news Toll Group chief information officer John Ansley has resigned from the group just a year and a half after taking up the role, in the wake of the failure of an ambitious IT outsourcing plan.
Ansley is a well-known IT executive with a strong history steering IT projects at major corporations. Previous to his role at Toll, he was president of supply chain solutions and chief information officer at Linfox. He has also held CIO roles at Roche and Rio Tinto, as well as being chairman of vendor SAP’s CIO Executive Council.
When the executive joined Toll in March 2014, it was with a mandate for change. iTnews reported that Toll’s IT systems were a mishmash of pieces which had not been integrated over the past decade of acquisitions that the company had carried out.
Because of this situation, Ansley was given a mandate to transform Toll’s IT operation, shifting to the SAP platform for many of its systems.
However, it appears as though the plan has come unstuck at Toll. Delimiter understands the executive has resigned and will leave the company in early 2016.
The resignation comes just weeks after Toll revealed it planned to dump a wide-ranging play to outsource key parts of its IT infrastructure, as well as application support and development.
In late October, Toll group director of Corporate Affairs Andrew Ethell issued an internal email at the company, which has been sighted by Delimiter. In the email, Ethell announced a decision to “stop” Toll’s Global Technology Transformation (GTT) project.
Ethell said in his email that the GTT project had been established to outsource part of Toll’s IT infrastructure and application support and development tasks. The project was one a number of significant transformation projcts currently underway in Toll, he said.
However, Ethell noted that a GTT project review of the last six weeks had validated the net business benefits as being “lower than expected”.
“As a result the Steering Committee has made a decision to stop the GTT project. This is effective immediately. We will continue to focus on our other transformation projects,” the executive wrote. “These will continue alongside our projects that are client critical, regulatory, risk driven or have a compelling business case.”
Ethell said Toll remained committed to its technology principles which were “an important plank” in the company’s strategy, and included: A best in class, streamlined and cost efficient IT environment ; Resources focused on value-add activities; Industry leading technology capability; The ability to rapidly deploy new business solutions globally; And the ability to leverage Toll’s scale to maximise procurement opportunities.
In the email, Ansley said: “While we realise this decision will impact our people, service partners and vendors, this decision is a sign of the strength of governance processes in place for all of our projects. We will be having face to face communications; as scheduled, with our impacted employees to communicate this change and our priority remains to support our customers and employees. Toll remains committed to its technology principles which includes making Toll the industry leader in technology capability.”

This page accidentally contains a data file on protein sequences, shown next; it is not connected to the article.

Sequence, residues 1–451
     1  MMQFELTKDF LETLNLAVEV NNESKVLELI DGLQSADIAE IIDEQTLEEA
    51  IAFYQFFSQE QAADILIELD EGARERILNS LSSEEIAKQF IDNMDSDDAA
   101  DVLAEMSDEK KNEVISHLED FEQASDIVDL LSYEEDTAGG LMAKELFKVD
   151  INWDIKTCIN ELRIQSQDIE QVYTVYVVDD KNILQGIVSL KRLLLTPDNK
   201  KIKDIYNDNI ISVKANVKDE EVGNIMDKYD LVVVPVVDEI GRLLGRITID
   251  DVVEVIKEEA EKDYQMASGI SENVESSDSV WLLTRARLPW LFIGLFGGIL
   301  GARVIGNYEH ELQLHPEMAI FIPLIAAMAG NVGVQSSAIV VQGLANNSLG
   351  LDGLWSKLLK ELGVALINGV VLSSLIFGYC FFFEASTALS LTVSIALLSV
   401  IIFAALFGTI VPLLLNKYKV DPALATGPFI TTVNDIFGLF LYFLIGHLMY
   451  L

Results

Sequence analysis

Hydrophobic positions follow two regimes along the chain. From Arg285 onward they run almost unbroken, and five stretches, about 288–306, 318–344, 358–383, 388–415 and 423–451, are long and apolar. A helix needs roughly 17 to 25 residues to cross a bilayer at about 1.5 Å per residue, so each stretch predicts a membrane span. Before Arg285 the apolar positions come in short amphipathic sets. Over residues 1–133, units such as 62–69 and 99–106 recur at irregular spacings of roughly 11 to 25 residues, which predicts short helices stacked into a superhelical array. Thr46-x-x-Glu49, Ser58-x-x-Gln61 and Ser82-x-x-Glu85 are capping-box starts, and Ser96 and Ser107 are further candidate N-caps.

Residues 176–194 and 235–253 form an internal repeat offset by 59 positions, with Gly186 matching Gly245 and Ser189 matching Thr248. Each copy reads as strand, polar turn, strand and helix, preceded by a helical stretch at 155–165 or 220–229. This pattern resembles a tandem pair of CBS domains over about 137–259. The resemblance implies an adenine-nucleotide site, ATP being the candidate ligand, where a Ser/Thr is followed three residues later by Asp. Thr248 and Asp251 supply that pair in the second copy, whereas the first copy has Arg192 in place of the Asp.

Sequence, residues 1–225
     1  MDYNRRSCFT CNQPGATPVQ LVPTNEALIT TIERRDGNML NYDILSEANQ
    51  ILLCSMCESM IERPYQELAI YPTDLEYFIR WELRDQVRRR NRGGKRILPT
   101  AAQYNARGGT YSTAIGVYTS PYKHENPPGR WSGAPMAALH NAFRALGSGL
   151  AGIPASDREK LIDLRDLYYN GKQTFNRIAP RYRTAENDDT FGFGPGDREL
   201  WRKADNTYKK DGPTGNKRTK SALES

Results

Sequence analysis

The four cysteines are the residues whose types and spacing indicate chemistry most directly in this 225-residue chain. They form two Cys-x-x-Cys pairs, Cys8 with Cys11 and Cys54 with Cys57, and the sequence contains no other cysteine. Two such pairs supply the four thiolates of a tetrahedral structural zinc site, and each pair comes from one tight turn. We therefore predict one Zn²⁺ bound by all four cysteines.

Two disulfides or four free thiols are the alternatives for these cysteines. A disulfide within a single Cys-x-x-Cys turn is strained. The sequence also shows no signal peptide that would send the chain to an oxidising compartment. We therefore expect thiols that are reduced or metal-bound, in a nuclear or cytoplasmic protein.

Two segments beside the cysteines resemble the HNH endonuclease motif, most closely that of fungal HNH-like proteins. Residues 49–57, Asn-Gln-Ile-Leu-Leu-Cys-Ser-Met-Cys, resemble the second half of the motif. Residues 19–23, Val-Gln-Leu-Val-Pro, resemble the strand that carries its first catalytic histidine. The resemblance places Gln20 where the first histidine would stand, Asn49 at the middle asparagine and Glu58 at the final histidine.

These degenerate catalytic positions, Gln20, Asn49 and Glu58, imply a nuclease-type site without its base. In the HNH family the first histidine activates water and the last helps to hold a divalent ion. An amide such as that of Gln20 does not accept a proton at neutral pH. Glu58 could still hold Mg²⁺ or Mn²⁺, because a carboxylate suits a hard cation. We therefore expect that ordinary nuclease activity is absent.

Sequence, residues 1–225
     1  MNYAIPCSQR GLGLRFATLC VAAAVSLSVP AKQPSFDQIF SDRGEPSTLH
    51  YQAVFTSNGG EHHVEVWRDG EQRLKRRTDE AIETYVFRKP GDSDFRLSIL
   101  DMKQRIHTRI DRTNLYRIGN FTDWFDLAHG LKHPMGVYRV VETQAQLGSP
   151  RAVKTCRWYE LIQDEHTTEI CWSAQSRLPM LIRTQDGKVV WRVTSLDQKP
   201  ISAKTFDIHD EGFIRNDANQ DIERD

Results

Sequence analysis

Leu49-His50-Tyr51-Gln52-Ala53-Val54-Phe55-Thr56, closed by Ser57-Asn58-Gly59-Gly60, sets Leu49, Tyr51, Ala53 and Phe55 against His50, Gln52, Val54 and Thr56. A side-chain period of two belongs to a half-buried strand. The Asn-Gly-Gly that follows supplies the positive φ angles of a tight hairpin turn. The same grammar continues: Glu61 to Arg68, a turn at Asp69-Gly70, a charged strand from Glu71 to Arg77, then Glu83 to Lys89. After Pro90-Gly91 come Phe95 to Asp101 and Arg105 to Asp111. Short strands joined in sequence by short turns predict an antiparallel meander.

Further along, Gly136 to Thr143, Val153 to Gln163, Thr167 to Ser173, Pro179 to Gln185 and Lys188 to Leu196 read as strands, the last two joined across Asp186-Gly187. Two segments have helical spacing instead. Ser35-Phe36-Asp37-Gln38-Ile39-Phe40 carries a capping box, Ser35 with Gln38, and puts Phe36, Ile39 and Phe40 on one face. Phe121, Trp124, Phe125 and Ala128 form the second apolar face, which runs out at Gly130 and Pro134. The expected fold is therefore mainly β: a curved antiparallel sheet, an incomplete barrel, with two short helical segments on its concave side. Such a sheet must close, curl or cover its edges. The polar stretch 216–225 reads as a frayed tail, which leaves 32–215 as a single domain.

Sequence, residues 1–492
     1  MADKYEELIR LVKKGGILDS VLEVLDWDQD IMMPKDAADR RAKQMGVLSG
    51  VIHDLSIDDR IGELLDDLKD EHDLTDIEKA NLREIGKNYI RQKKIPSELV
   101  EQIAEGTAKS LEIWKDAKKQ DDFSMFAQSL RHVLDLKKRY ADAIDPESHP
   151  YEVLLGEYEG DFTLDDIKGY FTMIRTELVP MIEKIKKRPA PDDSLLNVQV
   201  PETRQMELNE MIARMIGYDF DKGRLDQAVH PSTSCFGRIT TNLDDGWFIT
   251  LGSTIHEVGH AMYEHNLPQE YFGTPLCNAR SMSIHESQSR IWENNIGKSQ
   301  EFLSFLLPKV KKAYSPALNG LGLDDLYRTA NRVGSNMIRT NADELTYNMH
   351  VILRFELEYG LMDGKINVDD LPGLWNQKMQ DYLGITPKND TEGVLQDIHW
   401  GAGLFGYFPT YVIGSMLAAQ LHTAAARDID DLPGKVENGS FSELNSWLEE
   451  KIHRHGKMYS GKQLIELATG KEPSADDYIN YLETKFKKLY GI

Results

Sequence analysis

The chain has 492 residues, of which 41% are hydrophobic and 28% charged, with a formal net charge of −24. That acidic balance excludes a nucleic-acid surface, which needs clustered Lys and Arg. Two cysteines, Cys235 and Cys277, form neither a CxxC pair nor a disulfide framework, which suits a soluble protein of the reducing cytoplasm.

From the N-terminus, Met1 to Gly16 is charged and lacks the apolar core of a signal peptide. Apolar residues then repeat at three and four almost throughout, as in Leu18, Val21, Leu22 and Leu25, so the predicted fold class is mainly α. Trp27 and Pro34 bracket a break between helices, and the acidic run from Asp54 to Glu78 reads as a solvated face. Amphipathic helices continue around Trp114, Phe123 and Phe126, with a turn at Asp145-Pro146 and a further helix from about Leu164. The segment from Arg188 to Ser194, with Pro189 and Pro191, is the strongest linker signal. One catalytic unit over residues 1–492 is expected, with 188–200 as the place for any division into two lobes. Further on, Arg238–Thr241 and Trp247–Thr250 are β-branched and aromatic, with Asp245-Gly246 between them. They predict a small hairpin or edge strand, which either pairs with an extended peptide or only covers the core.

I don’t have much inside information as to what has happened inside Toll’s IT operation over the past few months.
However, the little information I do have, as well as the appearance that the situation presents from the outside, would appear to paint a relatively clear picture.
Realistically, up until this point, Toll appears to have been doing a pretty terrible job with its IT. It’s the old standard story: A massive corporation makes lots of acquisitions, but without properly integrating its targets’ systems. After a decade of this, it ends up with a spaghetti mess of competing platforms. Plus, it’s most likely underinvested in IT throughout that period as well, so it doesn’t have the capability or the relationships to start to modernise its internal operations.
And yet, it has to. Logistics businesses in 2015 are essentially — like virtually every other business — technology businesses, at their heart. These companies need to have solid IT platforms at the heart of their operations, in order to get the job done as efficiently and and effectively as possible. They rely on technology on a daily basis.
So they hire a top gun CIO like Ansley and give him a mandate for change. They’re open to necessary strategic moves such as outsourcing to get capability into the business.
The only problem is, the new CIO runs into a brick wall of internal opposition to the changes that need to be made. Eventually, the business pushes back too far and the strategy collapses. Exit CIO, stage left.
This is mostly only my personal speculation, based on a few scraps here and there that I have been able to garner. But I’ve seen the same story too many times in too many other organisations for there not to be at least a grain of truth in what I have written here.
Then too, Ansley is a competent operator. He committed to Toll. It would have taken a great deal for him to leave — he would have needed to believe that he had lost the confidence of the higher-ups in the business — even the board. It’s hard to see much of it being Ansley’s personal fault. The role Ansley took up at Toll offered him precisely the kind of reforming challenge a high-level CIO in 2015 looks for. It is a pity that it appears that the company itself may not be ready to face that challenge just yet.